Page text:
Limitations of this study include a small sample that consisted of a self-selected group of older peoples, healthy, predominantly female aging subjects; lack of a control group; and the consequent lack of generalizability. Although conceived as a pilot study, the relative magnitude and consistency of the observed changes support their validity and argue for their replication in future research. Despite these limitations non-randomization of the present, it is important to highlight the uniqueness of the study, as there are no reports in the literature observing the effect of NME sequences alone on functional fitness. In this context, our study proposed a new form of exercise for Thai older adults as an alternative physical activity that would meet the objectives of current recommendations to improve and maintain physical fitness and health.
In summary, an 8-week NME program was successful in improving physical fitness of Thai older adults. These findings are promising and provide support to public health authorities to develop effective, feasible, safe and low-cost physical activity programs to improve elderly physical fitness. In addition, these findings highlight the need for further research in the context of replication and potential translation into more pronounced benefits in longer-term and larger-scale studies.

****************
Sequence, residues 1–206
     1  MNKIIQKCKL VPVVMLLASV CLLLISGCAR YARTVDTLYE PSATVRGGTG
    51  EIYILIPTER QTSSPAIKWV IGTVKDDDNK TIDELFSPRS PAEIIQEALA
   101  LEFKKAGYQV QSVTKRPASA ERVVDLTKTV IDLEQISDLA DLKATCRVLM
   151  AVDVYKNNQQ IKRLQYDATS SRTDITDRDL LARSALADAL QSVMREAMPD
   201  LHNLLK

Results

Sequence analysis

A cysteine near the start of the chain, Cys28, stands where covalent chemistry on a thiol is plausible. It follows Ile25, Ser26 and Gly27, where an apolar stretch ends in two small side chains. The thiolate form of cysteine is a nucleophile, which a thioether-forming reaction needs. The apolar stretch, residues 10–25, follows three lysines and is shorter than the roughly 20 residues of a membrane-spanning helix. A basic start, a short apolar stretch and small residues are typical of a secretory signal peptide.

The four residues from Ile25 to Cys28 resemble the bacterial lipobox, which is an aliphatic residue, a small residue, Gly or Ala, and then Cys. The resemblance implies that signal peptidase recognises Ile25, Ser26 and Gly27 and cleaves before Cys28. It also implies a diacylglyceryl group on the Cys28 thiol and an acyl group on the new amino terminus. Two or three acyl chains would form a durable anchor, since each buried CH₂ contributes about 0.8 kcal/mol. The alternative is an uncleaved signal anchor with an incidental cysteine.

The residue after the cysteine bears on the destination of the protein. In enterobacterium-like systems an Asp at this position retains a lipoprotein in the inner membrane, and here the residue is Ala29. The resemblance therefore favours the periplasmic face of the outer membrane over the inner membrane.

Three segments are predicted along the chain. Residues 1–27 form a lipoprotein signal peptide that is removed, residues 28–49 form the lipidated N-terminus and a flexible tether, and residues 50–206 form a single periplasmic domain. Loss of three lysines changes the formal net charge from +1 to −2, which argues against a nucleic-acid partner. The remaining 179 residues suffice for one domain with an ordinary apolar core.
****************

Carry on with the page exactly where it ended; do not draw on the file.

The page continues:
The authors thank professor Chareon Krabuanrat for being a mentor in this research project and the Kasetsart University research and development institute for funding. We also acknowledge the older adults from KU aging club for their interest and willingness to participate in this study. Finally, we thank the department of physical education and sport official of Kasetsart University for volunteering the time and space for this study.
Authors' Contribution: All the author's participated in the design, implementation and evaluation of this physical activity intervention program. All the author's have also participated in data analysis and writing this scientific paper.